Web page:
An Integrative Approach to Study on Consumer Behavior towards Plug-In Hybrid Electric Vehicles Revolution: Consumer Behavior towards Plug-In Hybrid Electric Vehicles

An Integrative Approach to Study on Consumer Behavior towards Plug-In Hybrid Electric Vehicles Revolution: Consumer Behavior towards Plug-In Hybrid Electric Vehicles

Nadia Adnan (Universiti Teknologi PETRONAS, Malaysia), Shahrina Md Nordin (Universiti Teknologi PETRONAS, Malaysia), Imran Rahman (Universiti Teknologi Petronas, Malaysia), Pandian Vasant (Universiti Teknologi Petronas, Malaysia) and Muhammad Amir Noor (London Metropolitan University, UK)
Copyright: © 2017 |Pages: 31
DOI: 10.4018/978-1-5225-1826-6.ch010
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Abstract

Transport electrification has experienced major deviations for the last few decades. Current investigation towards the implication of green technologies to decrease pollution and increase diffusion of renewable energy in the transportation sector are achieving more attention. The significance of plug-in hybrid electric vehicles (PHEVs) play a key role towards the policy option to reduce the environmental concern. There are major uncertainties in the diffusion of PHEVs timing of market distribution among consumers. However, there has been a considerable effort made towards the benefit of PHEVs demand. Yet, the debates on consumer behavioral economics towards the adoption of electric vehicles are less recognized. Researchers highlight the significance of PHEVs from a combined perspective considering PHEVs which allows bi-directional flow of electricity. However, it mainly focuses on interface among technology adoption and consumer behavior includes many other aspects such as individual adoption behavior, vehicles performance, environmental concern and power system demand.
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Introduction

Modern studies on green technologies for transportation sector are attaining attraction among the research communities from diverse parts. In this wake, Plug-in hybrid electric vehicles (PHEVs) have a bright future because of their battery system and charging facilities from the traditional power system. Numerous investigators have demonstrated that a great amount of decreases in greenhouse gas emissions and the growing reliance on oil could be accomplished by the transport electrification (Caramanis & Foster, 2009). Although road transportation is not considered as the leading source of greenhouse-gas emissions, but it contributes the major part of the emission. Transportation in recent days are the major unsustainable source of energies, depend on the liquid fossil fuels. Research suggest that the transportation sector at present consume over 55% of oil and emit around 25% of CO2 in total (Howey, 2012). With the introduction of Electric vehicles technology marked a considerable amount of carbon-free transportation in current market trend. By keeping a close consideration of the research on electric vehicle technology, where the main idea was to in cooperated electrically charged battery supported vehicles i.e. PHEVs came into the current market trend. We scale out our domain to study their potential introduction from an integrated perspective. Furthermore, we extend our domain to observe its interactions between technology and economic behavior and its market diffusion influence. Several studies and analysis are extended by taking major confirmations and verifications from Western Europe and North America and Asia in general. On the contrary, the analysis of energy implications is also being kept in close consideration throughout the world. However, Figure 1 displays the energy implication around the world.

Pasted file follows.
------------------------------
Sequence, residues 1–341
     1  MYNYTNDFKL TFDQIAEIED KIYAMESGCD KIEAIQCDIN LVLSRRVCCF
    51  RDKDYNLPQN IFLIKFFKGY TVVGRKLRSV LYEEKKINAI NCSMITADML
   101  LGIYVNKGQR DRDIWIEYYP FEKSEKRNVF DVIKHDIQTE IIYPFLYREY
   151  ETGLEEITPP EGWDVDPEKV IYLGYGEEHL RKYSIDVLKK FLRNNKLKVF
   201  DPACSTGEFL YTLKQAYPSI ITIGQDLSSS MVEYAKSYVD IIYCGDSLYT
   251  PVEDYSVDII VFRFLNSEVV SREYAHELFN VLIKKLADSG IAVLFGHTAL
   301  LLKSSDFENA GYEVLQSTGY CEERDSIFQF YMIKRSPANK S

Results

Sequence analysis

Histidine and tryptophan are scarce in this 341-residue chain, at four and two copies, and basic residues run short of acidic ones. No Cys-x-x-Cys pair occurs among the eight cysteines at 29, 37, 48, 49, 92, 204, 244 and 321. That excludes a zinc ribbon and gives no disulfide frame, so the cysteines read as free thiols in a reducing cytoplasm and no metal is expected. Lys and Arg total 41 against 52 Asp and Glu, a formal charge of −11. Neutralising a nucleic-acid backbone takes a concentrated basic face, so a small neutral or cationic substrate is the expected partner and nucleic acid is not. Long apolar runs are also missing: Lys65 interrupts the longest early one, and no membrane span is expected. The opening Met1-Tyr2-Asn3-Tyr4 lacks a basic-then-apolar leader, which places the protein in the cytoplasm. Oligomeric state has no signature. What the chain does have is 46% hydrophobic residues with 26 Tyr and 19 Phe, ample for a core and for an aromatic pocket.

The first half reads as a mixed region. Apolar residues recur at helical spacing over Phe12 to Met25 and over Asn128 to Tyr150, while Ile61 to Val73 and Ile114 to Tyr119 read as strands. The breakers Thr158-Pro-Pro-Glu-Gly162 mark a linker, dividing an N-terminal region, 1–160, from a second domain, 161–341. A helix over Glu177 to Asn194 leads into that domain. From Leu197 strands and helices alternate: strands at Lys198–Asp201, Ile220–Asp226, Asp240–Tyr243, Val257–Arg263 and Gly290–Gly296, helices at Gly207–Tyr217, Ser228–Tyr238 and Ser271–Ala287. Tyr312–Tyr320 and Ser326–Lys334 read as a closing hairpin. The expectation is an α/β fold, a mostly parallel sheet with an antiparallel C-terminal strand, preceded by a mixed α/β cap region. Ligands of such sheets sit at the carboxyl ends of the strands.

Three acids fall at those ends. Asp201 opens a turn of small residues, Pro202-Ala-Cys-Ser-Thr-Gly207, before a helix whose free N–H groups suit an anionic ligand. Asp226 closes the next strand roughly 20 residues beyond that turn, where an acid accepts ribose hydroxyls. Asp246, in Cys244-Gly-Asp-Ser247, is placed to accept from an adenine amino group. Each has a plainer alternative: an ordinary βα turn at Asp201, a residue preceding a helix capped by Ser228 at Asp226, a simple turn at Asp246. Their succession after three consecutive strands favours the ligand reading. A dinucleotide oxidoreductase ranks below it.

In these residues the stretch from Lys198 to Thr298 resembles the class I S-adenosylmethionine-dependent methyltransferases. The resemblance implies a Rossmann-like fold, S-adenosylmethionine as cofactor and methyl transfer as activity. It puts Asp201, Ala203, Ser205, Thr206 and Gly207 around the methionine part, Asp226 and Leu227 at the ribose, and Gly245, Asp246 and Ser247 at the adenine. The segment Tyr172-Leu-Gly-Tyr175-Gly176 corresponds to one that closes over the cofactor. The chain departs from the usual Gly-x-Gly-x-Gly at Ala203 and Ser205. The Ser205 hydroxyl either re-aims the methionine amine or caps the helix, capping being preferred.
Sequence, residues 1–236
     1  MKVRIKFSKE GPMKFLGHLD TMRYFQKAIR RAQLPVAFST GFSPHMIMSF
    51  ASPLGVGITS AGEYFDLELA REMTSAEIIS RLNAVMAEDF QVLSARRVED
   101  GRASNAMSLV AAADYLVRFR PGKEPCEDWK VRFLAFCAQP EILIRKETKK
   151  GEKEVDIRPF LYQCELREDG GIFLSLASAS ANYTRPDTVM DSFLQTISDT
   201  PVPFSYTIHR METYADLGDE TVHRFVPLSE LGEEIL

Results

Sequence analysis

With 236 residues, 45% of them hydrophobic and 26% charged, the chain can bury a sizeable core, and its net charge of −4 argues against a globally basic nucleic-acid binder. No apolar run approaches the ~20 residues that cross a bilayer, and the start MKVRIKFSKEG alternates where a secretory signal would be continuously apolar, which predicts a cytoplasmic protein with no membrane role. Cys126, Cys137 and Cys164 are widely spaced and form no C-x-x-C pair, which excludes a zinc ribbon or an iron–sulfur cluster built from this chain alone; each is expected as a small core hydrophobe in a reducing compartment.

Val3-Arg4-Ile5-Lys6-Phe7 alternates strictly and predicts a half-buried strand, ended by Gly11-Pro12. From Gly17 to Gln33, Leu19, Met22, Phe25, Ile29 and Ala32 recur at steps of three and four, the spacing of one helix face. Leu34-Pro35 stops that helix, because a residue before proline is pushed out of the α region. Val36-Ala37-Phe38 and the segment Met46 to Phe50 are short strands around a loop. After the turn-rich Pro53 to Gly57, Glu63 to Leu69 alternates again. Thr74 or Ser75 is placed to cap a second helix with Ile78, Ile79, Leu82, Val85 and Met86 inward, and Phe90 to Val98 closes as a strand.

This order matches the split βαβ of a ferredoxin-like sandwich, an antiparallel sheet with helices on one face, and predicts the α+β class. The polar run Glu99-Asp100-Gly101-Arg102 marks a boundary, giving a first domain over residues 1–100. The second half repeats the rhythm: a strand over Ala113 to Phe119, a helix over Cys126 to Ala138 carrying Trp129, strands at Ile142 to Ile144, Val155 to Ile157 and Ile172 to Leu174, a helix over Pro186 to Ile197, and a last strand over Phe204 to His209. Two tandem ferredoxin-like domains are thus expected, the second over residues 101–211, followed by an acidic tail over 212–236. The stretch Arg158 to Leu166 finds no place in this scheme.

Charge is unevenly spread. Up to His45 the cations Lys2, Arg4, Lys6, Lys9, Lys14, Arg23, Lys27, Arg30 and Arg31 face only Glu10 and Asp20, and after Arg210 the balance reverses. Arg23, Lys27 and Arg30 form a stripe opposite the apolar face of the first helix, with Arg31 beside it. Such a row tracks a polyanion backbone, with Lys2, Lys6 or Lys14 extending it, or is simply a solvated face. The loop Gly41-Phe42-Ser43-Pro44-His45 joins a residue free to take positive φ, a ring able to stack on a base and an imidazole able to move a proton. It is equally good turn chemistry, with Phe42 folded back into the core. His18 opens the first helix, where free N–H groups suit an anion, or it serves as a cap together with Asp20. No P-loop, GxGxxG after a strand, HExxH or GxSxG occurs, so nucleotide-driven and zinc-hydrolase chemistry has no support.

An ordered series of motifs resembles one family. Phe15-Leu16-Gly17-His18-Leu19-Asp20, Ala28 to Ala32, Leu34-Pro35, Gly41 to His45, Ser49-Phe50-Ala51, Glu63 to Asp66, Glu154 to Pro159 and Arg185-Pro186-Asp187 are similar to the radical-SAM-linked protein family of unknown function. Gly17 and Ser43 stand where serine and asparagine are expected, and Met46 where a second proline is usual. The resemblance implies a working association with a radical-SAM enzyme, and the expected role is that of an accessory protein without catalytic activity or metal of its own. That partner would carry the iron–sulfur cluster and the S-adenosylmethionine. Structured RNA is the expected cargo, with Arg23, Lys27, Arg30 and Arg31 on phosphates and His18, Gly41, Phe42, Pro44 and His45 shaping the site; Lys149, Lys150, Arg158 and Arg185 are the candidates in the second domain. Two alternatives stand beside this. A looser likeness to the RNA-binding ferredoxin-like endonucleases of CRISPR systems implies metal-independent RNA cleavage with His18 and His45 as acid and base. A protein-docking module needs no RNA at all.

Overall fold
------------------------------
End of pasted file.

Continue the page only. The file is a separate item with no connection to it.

Figure 1.

Energy implication around the world

Source: Ellabban, Abu-Rub, & Blaabjerg, 2014.

The current marketing trend suggests that the transport sector is accountable for over 27% of total energy utilization. In the wake of future growth, it is expected to increase by 50% possibly by 2035 (Tran, Banister, Bishop, & McCulloch, 2012). Keeping in mind overall 94% dependency on oil fuel, passenger vehicle considered to be another source of CO2 emissions weigh up to 6.3 Gt or over 24% in general of the total, on the other hand electricity generation (40%), industrial usage (16%), building usage (12%), agricultural sector and other usage (8%) (Tran et al., 2012). Figure 2 shows the statistics.

Figure 2.

Greenhouse gas emissions by sector

Source: Khondaker et al., 2016.

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